Keywords: environmental consciousness, role of government, social norms, socio-economic status

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7434 Media Usage, Citizenship Norms, and Political Participation of Transition to Democracy in Indonesia

Authors: Najmuddin Najmuddin

Abstract:

The purpose of this study is to determine whether media usage and change of citizenship norms influence political participation. The focus of this study is to examine citizenship norms in the context of the development of information, and communication technology and how it will impact political participation in the context of Indonesia's transition to democracy. The study use survey method. The main theoretical framework is media and political participation. The results of this study reveal that gender, age and educational background of the respondents did not influence significantly media usage and citizenship norms. The Results also show that educational background is not a factor that distinguishes media usage but it becomes differentiating factor in citizenship norms. The results further show that the media usage has a significant correlation with citizenship norms and citizenship norms has a significant relationship with political participation. In addition, media usage and citizenship norms impact significantly to political participation. The sub-dimensions of citizenship norms (compliance, duty, and engaged citizen) provides a significant contribution to the sub-dimensions of political participation (traditional political participation, modern political participation, civic political participation). Based on the findings it can be concluded that the political euphoria in the era of transition to democracy has changed pattern media usage and citizenship norms of among the young generation.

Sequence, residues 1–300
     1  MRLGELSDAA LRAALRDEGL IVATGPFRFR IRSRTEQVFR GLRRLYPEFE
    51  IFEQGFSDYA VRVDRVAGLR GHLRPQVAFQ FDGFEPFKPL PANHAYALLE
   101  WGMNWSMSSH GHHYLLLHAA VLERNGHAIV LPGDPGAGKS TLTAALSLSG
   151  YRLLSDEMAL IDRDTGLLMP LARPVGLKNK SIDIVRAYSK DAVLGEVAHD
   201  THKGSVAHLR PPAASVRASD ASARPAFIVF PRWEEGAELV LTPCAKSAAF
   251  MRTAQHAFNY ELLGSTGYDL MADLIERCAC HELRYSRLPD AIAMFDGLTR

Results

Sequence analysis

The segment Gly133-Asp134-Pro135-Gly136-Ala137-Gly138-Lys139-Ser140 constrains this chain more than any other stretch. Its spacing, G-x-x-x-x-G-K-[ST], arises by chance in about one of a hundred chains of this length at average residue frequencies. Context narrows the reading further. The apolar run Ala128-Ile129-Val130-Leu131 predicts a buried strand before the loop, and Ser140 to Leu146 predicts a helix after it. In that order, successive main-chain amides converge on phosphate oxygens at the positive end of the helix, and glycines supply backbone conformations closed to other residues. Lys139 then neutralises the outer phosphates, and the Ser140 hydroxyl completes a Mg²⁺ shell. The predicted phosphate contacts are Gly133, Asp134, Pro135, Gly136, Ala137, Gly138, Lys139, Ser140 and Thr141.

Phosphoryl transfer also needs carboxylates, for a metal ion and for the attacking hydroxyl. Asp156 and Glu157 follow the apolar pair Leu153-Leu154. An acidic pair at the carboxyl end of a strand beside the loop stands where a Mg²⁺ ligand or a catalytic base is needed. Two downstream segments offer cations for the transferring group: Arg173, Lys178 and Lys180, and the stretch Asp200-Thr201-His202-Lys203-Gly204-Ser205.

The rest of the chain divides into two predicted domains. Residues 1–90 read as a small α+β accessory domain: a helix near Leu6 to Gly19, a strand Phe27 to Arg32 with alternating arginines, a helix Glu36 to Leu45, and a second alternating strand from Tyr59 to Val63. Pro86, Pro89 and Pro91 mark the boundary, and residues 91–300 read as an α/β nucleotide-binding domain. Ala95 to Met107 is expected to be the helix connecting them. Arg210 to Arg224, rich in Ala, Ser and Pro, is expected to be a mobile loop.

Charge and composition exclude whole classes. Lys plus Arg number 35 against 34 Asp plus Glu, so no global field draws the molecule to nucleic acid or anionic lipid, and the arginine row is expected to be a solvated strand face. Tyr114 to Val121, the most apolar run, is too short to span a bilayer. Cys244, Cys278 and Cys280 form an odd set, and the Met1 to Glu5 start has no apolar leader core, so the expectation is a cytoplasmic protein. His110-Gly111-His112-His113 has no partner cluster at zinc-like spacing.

Keywords: media, citizenship, norms, political, participation, democracy

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7433 Sacred Spaces, Scarred Bodies: Understanding Forms of and Meanings Associated with Female Circumcision amongst Somali Women in Johannesburg

Authors: Z. Jinnah

Abstract:

International migration is associated with a disruption of social environments and social control. At the same time, the reproduction of cultural and social norms in the Diaspora provides a space for the (re)negotiation of gender roles, rights, and practices. This paper explores the relationship between mobility and the practice of female circumcision amongst Somalis in Johannesburg. Based on 4 years of ethnographic fieldwork, this paper explores the social determinants of cultural norms and practices, the linkages between class and tradition, and argues that the new social environment in South Africa conditions the ways in which Somali women relate to their bodies, and therefore understand the meanings associated with and practices of female circumcision.

Keywords: migration, gender, Somali women, female circumcision, Johannesburg

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7432 Transfer of Business Anti-Corruption Norms in Developing Countries: A Case Study of Vietnam

Authors: Candice Lemaitre

Abstract: